The law hasn't kept up with the changes in the way big construction projects are managed. As a result, a lot of design professionals are in what Milton Lunch, general counsel of the National Society of Professional Engineers, calls "a dangerous situation."
Traditionally, the owner of a planned building went to a firm of architects and engineers to design it and then to a general contractor to build it, with the general contractor in turn hiring plumbers, electricians and the like.
But for some years now, a new kind of middleman has been getting into the picture: a construction manager or project manager who stands in for the owner in dealing with both the designers and the builders.
As a standard agreement worked out by the Engineers' Joint Contract Documents Committee puts it, "The project manager will take over for the owner many administrative and coordinating functions."
He would, in effect, take charge of the project from beginning to end, in order to provide special expertise and relieve the owner of duties and responsibilities that the owner is neither qualified to undertake nor for which he will have a need on a continuing basis.
The construction manager is expected to review the designs to make sure that they come within the cost and time limits set by the building owner; oversee budgeting, scheduling, procurement; make sure that the materials and workmanship live up to specifications; handle labor relations, and in general make sure that the building gets done properly. It makes sense, but it does not fit neatly into the time-honored definitions of who does what in the construction industry.
For instance, must the firm that takes on that job have a license from the state to operate as a contractor or architect/engineer? In California, the answer (from the state Attorney General) is "no." But in Arkansas, the issue became so heated that the legislature, in 1977, passed a law to make it clear that, "yes," the construction manager does need a license.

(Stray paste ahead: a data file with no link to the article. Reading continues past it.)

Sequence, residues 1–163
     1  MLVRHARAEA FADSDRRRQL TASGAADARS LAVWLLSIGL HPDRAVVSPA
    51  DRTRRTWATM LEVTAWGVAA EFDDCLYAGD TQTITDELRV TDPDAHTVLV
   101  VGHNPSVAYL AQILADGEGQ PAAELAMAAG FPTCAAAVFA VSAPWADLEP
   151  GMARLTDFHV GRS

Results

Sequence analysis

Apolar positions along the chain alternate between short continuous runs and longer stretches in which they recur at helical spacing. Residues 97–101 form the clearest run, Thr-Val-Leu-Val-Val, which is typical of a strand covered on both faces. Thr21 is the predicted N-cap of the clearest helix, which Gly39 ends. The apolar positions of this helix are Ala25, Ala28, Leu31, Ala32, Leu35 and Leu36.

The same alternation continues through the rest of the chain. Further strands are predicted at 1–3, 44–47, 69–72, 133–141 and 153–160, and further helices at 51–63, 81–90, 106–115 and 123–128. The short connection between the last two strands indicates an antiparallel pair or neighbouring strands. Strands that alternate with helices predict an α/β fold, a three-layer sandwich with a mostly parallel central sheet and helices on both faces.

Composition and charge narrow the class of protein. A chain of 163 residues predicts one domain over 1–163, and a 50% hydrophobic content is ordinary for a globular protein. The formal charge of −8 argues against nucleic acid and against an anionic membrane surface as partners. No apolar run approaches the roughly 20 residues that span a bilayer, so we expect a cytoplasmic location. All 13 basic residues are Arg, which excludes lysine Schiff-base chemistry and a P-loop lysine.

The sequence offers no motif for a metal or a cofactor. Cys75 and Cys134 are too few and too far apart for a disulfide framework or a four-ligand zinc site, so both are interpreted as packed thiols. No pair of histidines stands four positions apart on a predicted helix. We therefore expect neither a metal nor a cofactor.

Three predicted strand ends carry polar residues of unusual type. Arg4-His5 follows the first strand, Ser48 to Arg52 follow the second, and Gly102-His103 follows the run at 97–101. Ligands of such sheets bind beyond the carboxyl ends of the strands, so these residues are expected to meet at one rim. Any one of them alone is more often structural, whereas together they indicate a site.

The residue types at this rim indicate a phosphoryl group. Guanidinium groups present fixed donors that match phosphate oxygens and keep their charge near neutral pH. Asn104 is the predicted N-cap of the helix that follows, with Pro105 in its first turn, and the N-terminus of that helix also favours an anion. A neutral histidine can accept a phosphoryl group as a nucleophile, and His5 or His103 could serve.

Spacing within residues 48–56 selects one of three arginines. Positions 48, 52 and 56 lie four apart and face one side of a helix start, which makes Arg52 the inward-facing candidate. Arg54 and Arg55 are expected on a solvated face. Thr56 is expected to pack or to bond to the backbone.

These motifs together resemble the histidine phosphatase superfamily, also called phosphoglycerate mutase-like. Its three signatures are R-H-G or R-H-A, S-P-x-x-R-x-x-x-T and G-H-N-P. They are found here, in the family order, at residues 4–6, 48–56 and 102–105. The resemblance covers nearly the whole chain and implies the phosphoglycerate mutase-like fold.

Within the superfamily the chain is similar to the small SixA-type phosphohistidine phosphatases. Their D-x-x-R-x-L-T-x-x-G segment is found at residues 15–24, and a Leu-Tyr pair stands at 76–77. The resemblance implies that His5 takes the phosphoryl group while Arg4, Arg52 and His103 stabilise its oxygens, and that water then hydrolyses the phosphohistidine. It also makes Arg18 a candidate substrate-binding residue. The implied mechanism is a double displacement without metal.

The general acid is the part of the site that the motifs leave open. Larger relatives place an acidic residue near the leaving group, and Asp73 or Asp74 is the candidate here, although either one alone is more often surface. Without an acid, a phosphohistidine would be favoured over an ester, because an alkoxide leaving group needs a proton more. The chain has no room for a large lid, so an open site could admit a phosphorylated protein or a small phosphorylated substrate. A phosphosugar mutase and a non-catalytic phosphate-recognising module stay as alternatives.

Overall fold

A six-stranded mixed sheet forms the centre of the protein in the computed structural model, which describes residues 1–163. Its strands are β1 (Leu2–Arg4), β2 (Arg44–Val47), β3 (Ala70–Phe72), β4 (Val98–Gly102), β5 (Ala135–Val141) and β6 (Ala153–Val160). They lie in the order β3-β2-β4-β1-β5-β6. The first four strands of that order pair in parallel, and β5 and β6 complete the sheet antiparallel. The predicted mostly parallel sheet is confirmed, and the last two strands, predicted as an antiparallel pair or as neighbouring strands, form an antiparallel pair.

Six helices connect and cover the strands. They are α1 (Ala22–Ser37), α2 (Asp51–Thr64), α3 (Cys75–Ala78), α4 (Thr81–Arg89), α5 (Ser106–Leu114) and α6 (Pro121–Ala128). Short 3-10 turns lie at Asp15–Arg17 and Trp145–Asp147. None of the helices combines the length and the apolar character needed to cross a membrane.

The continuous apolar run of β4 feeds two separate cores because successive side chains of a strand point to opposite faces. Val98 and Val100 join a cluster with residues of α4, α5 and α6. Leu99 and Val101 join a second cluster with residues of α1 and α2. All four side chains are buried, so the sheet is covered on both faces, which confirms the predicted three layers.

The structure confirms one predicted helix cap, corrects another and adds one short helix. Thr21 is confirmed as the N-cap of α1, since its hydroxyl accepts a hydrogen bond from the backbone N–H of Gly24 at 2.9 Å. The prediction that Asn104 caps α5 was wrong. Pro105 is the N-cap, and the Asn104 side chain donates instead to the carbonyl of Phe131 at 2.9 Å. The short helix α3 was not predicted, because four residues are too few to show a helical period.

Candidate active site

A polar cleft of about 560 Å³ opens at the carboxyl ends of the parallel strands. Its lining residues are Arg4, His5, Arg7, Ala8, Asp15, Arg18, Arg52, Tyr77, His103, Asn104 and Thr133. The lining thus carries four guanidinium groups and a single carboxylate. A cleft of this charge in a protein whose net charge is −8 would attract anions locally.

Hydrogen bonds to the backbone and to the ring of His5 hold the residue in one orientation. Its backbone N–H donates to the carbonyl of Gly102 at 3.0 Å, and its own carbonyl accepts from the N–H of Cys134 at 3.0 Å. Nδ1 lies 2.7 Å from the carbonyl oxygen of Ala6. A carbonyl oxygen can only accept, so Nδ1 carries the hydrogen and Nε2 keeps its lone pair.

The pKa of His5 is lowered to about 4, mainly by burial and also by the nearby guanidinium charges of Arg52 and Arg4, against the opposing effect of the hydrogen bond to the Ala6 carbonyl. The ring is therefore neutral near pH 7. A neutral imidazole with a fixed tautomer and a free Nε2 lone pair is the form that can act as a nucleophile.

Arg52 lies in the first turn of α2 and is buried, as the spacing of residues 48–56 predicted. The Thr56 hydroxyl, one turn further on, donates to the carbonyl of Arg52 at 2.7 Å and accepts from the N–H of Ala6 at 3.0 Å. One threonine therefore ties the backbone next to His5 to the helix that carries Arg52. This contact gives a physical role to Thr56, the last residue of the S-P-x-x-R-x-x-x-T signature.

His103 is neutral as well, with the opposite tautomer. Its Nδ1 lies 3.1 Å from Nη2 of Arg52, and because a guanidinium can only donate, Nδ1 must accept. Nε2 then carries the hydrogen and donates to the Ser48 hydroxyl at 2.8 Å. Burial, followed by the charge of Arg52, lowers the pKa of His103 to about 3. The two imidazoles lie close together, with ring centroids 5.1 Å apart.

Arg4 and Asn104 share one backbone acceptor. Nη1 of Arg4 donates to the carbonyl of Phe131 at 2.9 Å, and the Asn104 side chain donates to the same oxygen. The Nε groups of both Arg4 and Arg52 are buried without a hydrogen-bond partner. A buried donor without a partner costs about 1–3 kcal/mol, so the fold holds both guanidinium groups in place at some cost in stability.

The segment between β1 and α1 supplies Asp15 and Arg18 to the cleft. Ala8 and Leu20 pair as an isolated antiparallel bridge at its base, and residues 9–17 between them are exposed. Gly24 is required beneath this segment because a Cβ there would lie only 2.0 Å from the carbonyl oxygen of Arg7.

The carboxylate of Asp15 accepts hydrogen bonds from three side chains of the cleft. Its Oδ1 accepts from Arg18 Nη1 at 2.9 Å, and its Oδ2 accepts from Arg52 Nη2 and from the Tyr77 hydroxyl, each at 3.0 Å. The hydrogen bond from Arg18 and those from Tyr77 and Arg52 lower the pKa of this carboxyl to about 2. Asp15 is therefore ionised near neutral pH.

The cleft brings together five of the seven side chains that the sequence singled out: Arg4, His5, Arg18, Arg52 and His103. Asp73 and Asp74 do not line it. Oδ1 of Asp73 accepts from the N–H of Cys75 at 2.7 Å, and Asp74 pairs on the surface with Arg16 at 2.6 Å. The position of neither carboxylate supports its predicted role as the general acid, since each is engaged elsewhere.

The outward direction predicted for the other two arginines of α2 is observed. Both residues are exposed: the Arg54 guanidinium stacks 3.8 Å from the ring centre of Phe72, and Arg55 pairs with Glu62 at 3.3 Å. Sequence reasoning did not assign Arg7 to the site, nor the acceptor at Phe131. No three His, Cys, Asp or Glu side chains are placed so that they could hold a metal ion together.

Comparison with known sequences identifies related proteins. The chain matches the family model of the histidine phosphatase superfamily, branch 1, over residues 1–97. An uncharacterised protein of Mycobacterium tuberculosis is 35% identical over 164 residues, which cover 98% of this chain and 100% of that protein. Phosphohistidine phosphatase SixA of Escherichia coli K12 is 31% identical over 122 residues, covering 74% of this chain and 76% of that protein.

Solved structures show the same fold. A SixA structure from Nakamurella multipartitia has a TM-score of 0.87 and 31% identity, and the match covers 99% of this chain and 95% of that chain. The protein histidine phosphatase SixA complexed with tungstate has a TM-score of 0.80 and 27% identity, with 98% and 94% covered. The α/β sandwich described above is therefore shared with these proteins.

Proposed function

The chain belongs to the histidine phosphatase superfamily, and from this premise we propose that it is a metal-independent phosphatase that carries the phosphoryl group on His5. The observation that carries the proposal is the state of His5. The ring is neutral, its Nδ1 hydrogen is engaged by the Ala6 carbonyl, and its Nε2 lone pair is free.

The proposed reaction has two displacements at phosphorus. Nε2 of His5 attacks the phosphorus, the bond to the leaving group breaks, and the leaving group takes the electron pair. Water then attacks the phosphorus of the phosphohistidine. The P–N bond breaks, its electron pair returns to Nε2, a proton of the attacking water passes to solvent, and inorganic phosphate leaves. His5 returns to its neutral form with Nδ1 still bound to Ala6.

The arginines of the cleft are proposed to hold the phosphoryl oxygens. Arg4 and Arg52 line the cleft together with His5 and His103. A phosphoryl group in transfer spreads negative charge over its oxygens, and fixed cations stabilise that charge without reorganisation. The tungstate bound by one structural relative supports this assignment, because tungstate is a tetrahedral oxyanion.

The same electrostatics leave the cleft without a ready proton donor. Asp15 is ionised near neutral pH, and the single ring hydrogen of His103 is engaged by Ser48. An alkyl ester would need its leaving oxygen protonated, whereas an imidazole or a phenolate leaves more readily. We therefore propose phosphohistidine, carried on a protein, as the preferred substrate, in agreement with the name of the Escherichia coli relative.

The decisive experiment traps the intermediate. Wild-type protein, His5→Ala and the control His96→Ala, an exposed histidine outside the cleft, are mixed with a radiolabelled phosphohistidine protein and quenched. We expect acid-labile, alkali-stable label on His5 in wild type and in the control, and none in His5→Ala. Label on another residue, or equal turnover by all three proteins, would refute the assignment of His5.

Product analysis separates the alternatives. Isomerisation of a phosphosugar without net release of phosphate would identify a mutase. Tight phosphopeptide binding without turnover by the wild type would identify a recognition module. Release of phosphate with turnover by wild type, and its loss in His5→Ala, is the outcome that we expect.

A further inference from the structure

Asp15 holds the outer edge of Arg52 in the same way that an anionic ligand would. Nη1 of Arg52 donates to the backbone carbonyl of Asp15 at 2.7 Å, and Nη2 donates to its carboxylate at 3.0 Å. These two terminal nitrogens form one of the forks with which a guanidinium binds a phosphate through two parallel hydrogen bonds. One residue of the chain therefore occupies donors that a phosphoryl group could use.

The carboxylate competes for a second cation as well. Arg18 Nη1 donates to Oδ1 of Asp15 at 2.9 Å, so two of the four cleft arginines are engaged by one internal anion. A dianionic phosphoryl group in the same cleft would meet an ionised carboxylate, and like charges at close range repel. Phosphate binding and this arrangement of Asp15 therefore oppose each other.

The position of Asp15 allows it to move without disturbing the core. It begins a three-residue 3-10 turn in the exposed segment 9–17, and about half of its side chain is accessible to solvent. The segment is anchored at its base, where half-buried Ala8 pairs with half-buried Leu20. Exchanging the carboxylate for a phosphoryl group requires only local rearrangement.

What about on-the-job safety? Is the construction manager--who does not employ the construction laborers--responsible for violations of Occupational Safety & Health Administration standards? The clear answer is "sometimes." Decisions by the Occupational Safety & Health Review Commission say that the deciding factor is not what is happening at the job site, but the language of the contract between the manager and the owner of the project. When the overseer is called a "construction manager" and agrees to coordinate the construction work, the firm is then "engaged in construction work" and subject to OSHA prosecution, the commission has ruled. But when the contract calls merely for the manager to "observe" the construction work--and doesn't specifically call the job being done "construction management," then, the commission says, the firm cannot be held responsible for workplace hazards.
"The wise practitioner should probably assume that he may be held liable for construction accidents and failures," Lunch advises in an upcoming issue of the journal Law and Contemporary Problems, published by the Duke University School of Law.
But the real rub is that, while architects or engineers may make that assumption, their insurance carrier will not. No company offers a professional liability insurance policy specifically for the construction-management business. And it is a matter of conjecture whether regular liability policies for architects and engineers would cover a malpractice suit against a construction manager.
Traditionally, the policy offered by Continental Casualty Co.--which covers more architect/engineer firms than any other carrier--provided protection only when "legal liability arises out of the performance of professional services for others in the insured's capacity as an architect or engineer." Now a new version adds the services of a "construction manager," but it specifically excludes liability for any claims arising from the "scheduling of construction or the means, methods or techniques used in construction." And that's a lot of what construction managers do.
The usefulness of the construction-management approach is too great--and the money to be made in the field by design professionals too tempting--for the legal uncertainties to curb the growth of the concept. But there are legal hazards for those who get ahead of courts and legislatures. Law is based on tradition, with special risks for those who try to change tradition.